A plan to wrap up a government-subsidised home insulation scheme is worrying social policy experts.
Or read a brief summary below:
Non-profit research institute Motu Economics looked at the first 45,000 homes retrofitted with insulation under the Warm Up NZ Programme, and found the scheme had a 6:1 benefit-to-cost ratio.
That meant that every dollar spent on insulation brought $6 of benefits.
Motu Economics senior fellow Arthur Grimes said the research showed retrofitting insulation prevented one death for every 1000 homes insulated.
The study used the same methodology for valuing life as researchers did when assessing the benefits of roading improvements.
He told Nine to Noon, while insulating homes brought only small energy benefits, the health benefits were huge.
“People kept using pretty much the same amount of energy as before but ended up with much warmer houses.
“[The benefits] were particularly strong for the elderly … and those who’d been hospitalised with a circulatory illness in particular had much better life expectancy … because they were now living in warmer, drier houses.”
Mr Grimes said the research proved what public health experts had always believed.
“No one had enough data before anywhere in the world to work out if these effects were truly there or not.
“I think ours was the first study to have enough houses insulated to work out if this was the case or not, and it confirmed what the public health experts expected.”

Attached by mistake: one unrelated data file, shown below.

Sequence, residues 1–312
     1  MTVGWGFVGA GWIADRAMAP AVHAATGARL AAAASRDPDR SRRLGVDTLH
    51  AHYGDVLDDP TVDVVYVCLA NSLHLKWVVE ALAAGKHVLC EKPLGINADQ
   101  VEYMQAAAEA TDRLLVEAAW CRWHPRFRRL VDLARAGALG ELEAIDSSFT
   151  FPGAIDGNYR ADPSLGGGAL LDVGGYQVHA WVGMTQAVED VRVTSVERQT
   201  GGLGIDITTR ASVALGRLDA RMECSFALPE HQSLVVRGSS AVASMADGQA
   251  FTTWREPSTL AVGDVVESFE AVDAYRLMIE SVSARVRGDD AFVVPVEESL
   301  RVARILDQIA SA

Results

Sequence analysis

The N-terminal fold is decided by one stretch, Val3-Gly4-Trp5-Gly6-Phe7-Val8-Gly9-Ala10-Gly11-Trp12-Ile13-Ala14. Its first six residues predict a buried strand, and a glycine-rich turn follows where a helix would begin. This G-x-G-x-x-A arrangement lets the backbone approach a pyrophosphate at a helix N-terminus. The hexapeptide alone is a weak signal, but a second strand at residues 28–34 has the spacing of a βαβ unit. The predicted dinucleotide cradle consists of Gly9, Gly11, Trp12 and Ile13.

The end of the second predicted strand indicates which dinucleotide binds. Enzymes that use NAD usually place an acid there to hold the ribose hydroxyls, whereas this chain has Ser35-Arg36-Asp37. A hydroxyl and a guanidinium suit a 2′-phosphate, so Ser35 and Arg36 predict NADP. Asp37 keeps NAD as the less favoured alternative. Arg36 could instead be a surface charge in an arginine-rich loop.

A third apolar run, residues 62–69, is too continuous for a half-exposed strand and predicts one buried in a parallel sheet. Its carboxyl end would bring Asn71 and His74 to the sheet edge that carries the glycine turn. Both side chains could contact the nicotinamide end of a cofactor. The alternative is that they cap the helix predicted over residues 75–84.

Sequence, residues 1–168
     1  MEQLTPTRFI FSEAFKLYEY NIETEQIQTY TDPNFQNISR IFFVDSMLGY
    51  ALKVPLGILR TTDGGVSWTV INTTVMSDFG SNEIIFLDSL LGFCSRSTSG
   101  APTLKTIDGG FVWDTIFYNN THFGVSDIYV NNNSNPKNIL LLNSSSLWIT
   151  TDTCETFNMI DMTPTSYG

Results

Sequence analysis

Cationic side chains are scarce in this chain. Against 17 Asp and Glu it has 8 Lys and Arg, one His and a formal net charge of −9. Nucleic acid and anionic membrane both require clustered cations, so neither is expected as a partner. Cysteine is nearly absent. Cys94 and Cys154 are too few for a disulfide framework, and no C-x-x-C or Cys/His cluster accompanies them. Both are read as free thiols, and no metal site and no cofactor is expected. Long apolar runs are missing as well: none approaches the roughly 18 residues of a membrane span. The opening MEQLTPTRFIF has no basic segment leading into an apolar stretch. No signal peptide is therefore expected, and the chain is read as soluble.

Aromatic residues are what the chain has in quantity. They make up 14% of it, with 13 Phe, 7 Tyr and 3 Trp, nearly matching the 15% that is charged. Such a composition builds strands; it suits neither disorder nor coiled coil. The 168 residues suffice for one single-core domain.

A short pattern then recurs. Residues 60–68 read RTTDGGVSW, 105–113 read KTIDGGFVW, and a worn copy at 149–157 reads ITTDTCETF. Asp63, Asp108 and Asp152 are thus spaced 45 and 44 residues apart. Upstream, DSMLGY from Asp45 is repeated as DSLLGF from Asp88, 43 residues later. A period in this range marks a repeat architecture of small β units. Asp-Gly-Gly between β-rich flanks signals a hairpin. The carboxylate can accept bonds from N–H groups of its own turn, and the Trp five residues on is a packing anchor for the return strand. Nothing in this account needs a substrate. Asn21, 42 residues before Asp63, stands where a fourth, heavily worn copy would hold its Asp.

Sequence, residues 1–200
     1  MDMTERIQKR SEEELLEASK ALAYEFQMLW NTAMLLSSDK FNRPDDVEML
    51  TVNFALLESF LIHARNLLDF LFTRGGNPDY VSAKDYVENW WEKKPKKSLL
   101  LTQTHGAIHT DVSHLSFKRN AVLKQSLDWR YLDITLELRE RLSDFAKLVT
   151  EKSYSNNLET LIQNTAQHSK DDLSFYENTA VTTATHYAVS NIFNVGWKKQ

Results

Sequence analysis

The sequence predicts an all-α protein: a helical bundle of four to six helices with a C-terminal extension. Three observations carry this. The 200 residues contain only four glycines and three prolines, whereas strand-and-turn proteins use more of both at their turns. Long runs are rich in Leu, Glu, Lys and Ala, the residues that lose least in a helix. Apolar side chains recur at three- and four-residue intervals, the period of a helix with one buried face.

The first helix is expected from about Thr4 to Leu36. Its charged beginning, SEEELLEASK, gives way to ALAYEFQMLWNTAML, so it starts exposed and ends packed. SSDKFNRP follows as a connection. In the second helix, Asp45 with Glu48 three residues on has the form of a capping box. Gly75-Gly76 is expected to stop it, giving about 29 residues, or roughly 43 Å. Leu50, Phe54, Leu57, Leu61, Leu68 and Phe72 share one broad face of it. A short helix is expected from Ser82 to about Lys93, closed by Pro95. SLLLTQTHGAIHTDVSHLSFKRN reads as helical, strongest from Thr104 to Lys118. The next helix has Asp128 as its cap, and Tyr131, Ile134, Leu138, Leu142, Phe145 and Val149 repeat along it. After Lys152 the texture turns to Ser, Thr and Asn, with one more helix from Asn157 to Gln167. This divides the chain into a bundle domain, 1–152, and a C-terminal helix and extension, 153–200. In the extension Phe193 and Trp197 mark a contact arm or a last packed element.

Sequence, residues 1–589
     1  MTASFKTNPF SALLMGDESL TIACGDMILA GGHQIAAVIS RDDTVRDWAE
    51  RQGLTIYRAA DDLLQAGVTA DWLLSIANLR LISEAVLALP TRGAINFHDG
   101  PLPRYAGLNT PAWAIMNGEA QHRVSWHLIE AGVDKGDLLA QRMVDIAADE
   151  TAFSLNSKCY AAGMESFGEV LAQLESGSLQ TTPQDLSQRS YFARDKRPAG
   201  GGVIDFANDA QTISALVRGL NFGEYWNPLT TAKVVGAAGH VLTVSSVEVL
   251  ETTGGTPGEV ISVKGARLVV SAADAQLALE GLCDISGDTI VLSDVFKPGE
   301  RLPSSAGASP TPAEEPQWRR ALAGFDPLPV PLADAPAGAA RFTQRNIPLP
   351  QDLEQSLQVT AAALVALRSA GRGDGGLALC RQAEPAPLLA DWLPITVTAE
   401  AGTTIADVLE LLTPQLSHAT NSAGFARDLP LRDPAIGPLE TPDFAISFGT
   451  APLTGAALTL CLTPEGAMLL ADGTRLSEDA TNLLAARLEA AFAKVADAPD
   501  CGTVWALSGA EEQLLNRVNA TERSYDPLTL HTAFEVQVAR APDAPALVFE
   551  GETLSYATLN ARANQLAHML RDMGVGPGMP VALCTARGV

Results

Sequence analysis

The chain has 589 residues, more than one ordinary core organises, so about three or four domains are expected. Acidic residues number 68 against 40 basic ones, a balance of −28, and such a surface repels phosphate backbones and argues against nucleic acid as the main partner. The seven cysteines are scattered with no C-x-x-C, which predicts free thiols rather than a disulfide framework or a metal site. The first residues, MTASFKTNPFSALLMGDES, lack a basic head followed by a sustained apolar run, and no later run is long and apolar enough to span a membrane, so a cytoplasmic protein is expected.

University of Otago public health professor Philippa Howden-Chapman said New Zealand’s excellent health administrative data, including pharmaceutical bills and records of hospital stays, helped the study.
“[Motu Economics’ research] is probably the strongest evidence the government has about social investment, including that if houses are warmer children are more likely to go to school and less likely to get sick.
“Older people also benefit and yet it’s being wound down in the middle of next year even though improving the health of children is still one of the top public sector targets.”
Dr Howden-Chapman said the government also tried to target and give greater subsidies to landlords to fit insulation to their housing stock, but that had not worked so well.
She said that was partly because owner-occupiers had incentives to insulate their homes, because it benefited their own health, but the same was not true of landlords. The rental sector had some of the coldest homes, and therefore the greatest need, she said.
She said between 600,000 and 900,000 homes still had no insulation or inadequate insulation, which was extremely disappointing.